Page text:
Our crew was told to stop filming almost as soon as we started by one of the complex managers. She then gave me a number to call and I was told I'd have to wait an hour as Terry Marks, the director, was on with (drum roll) The New York Times. When I finally got through, Ms. Marks went on a manic-but-well-informed rant about how many things they were doing and, if we really wanted to help, we should just leave and, "Let them do their job."

The entire time the director was rattling off each thing that was supposedly being done, e.g. generators, Doctors Without Borders, etc., poor Yana was standing there shaking her head in disagreement. It was quite bizarre being in the middle of a conversation like that, but, who would you believe? A director who's calling from an office miles away, or a volunteer on the ground who's been there for days on end?

Ultimately, Ms. Marks did come off as empathetic to the situation and was most likely just under a lot of understandable stress, as she was no doubt being pulled in several directions at once. There's no denying she cares about the seniors, it just may be a case of receiving some incorrect information. Which brings me to my original statement: Ultimately, the directors and volunteers are on the same side. But, so many people are telling so many tales as to who's to blame, or who's saying what, you can't help but feel caught in the web of complete chaos that damage to such a widespread area such as this creates.

For instance, I was told by Ms. Marks that LIPA is saying it's "Not their problem." Apparently, their systems are fine and it's the buildings electrical systems that are damaged, and that's not their problem. Meanwhile, the building's management says that's hogwash, and it is, indeed, LIPA's problem.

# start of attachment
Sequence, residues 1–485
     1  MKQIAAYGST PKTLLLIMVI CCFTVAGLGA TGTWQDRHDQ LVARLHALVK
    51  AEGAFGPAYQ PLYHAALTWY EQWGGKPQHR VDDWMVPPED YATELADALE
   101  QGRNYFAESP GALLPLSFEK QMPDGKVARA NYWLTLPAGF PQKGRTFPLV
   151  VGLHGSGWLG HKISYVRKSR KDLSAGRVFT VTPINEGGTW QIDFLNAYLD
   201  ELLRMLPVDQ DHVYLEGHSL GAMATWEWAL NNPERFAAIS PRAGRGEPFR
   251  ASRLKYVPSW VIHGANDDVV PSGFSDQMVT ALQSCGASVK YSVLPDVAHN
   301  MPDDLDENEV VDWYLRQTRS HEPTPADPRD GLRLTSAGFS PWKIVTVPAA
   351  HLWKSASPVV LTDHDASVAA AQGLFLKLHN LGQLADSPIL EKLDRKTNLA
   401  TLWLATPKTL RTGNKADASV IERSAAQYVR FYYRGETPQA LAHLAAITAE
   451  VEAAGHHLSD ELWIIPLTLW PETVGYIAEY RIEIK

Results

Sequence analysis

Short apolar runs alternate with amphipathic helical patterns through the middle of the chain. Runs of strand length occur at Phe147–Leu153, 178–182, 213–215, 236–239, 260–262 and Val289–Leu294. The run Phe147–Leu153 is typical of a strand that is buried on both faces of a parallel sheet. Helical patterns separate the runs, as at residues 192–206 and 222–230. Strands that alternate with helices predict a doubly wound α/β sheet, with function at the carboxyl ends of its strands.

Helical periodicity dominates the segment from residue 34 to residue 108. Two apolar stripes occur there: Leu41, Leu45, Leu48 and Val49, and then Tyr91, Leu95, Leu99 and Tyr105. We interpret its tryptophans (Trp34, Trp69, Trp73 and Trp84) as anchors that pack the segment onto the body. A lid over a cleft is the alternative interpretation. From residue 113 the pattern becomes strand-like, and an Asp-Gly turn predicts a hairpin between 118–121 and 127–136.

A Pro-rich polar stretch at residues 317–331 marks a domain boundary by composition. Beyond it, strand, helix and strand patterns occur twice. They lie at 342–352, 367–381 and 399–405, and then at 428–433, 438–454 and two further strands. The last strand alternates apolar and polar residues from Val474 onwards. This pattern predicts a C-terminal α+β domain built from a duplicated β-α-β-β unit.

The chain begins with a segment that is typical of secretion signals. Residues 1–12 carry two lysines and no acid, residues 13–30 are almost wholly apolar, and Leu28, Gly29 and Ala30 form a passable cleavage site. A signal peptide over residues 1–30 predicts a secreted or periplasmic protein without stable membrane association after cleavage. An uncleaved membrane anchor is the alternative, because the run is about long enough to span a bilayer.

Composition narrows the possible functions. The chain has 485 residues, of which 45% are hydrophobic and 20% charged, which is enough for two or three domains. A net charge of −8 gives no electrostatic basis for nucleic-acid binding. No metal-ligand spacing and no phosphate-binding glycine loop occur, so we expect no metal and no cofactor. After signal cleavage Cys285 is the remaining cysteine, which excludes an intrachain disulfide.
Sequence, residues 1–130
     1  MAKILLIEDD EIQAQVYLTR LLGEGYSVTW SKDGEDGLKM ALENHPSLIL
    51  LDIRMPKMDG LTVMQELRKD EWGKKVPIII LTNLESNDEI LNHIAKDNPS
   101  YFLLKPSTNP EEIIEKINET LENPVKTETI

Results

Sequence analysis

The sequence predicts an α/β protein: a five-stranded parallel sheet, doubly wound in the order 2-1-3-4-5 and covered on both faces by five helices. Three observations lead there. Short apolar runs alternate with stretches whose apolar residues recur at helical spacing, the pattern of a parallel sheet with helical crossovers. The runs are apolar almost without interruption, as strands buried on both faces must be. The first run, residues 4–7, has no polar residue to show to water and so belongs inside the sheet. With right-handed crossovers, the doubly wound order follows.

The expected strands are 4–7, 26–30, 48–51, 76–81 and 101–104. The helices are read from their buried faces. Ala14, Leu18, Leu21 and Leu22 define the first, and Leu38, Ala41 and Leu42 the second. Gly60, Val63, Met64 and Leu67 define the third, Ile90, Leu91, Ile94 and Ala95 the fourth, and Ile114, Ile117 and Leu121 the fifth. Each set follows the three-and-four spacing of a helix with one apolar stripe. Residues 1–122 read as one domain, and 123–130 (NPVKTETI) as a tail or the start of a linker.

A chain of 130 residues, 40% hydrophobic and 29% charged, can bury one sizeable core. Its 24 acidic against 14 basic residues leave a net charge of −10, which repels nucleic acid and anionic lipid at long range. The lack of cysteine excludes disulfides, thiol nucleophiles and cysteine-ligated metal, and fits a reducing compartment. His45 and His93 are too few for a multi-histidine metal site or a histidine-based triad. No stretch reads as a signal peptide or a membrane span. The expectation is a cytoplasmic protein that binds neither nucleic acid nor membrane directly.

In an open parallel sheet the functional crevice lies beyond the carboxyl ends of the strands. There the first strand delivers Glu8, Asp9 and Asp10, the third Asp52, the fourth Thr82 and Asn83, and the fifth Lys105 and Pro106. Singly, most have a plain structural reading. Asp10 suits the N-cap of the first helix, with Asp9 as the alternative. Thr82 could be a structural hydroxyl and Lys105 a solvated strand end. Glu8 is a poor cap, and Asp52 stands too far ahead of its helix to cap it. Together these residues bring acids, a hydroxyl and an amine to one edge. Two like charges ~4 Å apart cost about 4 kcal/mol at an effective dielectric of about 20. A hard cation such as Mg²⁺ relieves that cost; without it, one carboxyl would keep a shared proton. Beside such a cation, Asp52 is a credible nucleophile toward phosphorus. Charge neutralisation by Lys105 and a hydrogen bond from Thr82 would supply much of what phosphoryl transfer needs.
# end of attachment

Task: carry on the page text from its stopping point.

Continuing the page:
Jeff Altman, a manager at Owl Creek Hedge Fund, who, along with CEO Dan Sapadin, brought a team of volunteers to the projects, thinks LIPA is "full of it."

"My mother lives three miles from here and she doesn't have power, either," he said. "So, trying to tell us everything's dandy out here is simply not true."

Trying to get to the heart of the matter, I called six different numbers for LIPA -- everything from customer service, to emergency explosions, to the medical equipment catastrophe line -- and all were busy. I sent an email to Bruce Germano, LIPA's V.P. of customer service, but received no reply.

Today was the first day they saw a Red Cross truck. It just happened to arrive as we were leaving. The truck announced they had blankets and meals. Within seconds, the blankets were gone. The guy driving the truck said he was told by dispatch they "didn't need him there," but he came, anyway. Another miscommunication.

The bottom line is, when workers from a hedge fund and some volunteers from the Israeli Army, outnumber FEMA, the Red Cross, and the National Guard two weeks after an epic storm, you know something's rotten in Denmark. Even city councilman James Sanders thinks the entire situation stinks.

I'm sure the Mayor cares about these people, and, he can't be in all places at once. However, I would say, if it were me, and there was a massive power outage, one which affected thousands of the city's sick and elderly, and left them freezing and imprisoned in their dark towers for weeks, I'd make sure they were the ones who got priority, rather than the rich, white folk a stone's throw away, in Breezy Point.

The New York Times is supposedly running a story on the situation on Friday. All I can advise is, having been there first hand, unless the power is fully restored sometime this afternoon, take everything you read with a grain of salt. Nothing is as it appears to be, and those poor folks need help.

If anyone wishes to help, you can join the Facebook group set up by the volunteers.